What has occurred? Parts of the state have responded to the challenge in a spirited manner. These include, most notably, the outmatched and outgunned coastal defense forces and Vietnam’s state media, which has been given the green light to impugn China and has not held back. The state has been notably less capable in other areas. Absent close allies, Hanoi has sought to convey to the world its displeasure through public displays of patriotism. These efforts by the state have been weak largely, though not wholly, owing to authoritarian constraints.
One of the many important differences between Vietnam and China is the former’s more open (though still repressed) political discourse. From the start of the crisis, Vietnamese cyberspace has been on fire. And Vietnamese of diverse persuasions have demanded their rights to protest peacefully. While the first protests were allowed to go forward, they were still partially repressed. Rather than boisterous street scenes, the state went to tightly-scripted “protest meetings” at various auditoriums, featuring patriotic tunes. Photos have caught some people sleeping.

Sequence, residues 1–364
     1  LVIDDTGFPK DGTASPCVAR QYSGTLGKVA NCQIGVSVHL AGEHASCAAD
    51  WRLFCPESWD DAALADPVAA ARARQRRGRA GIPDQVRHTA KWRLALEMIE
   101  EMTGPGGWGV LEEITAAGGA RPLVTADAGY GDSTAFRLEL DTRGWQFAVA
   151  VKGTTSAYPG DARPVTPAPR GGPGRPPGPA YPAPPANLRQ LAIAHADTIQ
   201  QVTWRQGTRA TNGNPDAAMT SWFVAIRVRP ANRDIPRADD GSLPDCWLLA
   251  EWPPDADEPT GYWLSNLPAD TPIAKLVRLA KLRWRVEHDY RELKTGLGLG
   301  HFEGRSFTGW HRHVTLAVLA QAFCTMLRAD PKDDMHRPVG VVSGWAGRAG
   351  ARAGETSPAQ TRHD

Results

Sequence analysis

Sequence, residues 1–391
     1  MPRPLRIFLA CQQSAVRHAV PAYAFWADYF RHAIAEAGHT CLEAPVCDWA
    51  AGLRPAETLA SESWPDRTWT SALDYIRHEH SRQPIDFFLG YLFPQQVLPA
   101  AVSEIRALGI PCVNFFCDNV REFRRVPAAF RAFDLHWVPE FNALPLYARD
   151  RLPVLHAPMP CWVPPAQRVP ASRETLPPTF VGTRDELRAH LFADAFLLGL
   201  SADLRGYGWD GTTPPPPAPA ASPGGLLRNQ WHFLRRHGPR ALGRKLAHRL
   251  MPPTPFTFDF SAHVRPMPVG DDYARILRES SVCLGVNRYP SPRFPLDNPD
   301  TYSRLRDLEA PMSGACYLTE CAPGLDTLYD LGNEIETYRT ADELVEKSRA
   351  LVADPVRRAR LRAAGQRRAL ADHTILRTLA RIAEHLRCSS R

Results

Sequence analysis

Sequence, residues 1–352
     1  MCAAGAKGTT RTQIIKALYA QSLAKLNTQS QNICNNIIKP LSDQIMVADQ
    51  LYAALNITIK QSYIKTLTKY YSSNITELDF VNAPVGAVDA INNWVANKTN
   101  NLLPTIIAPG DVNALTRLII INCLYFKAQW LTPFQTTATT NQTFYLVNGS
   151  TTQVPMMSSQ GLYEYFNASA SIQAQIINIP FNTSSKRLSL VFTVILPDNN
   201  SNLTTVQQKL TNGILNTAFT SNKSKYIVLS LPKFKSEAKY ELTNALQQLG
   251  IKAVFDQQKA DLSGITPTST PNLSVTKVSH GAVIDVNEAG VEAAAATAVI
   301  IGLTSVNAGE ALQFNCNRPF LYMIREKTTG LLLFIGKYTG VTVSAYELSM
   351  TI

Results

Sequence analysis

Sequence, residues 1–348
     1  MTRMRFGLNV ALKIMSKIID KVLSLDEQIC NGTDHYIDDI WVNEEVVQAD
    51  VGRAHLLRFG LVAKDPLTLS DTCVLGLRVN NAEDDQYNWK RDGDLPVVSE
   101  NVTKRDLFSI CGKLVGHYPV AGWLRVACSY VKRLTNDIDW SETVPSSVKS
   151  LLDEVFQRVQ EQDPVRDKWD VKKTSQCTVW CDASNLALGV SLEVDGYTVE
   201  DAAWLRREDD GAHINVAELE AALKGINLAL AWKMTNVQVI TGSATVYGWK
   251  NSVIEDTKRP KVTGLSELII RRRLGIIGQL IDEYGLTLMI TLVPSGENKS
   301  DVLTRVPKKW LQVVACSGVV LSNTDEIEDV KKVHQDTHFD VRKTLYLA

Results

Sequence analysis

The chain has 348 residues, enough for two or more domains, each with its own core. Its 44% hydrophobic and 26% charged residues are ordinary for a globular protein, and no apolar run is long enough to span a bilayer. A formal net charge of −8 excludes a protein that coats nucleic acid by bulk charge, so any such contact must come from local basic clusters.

The state’s attempt at anti-China protests among industrial laborers quickly ran amok. And yet it is all somehow unsurprising. For up until after the riots, the Vietnamese people had not heard a single statement issued by any leader. Social order requires coordination and co-operation, not simply an opening of the floodgates to the politically and indeed socially inexperienced masses. There is no need here to go into the ugly results, which have gained widespread international attention.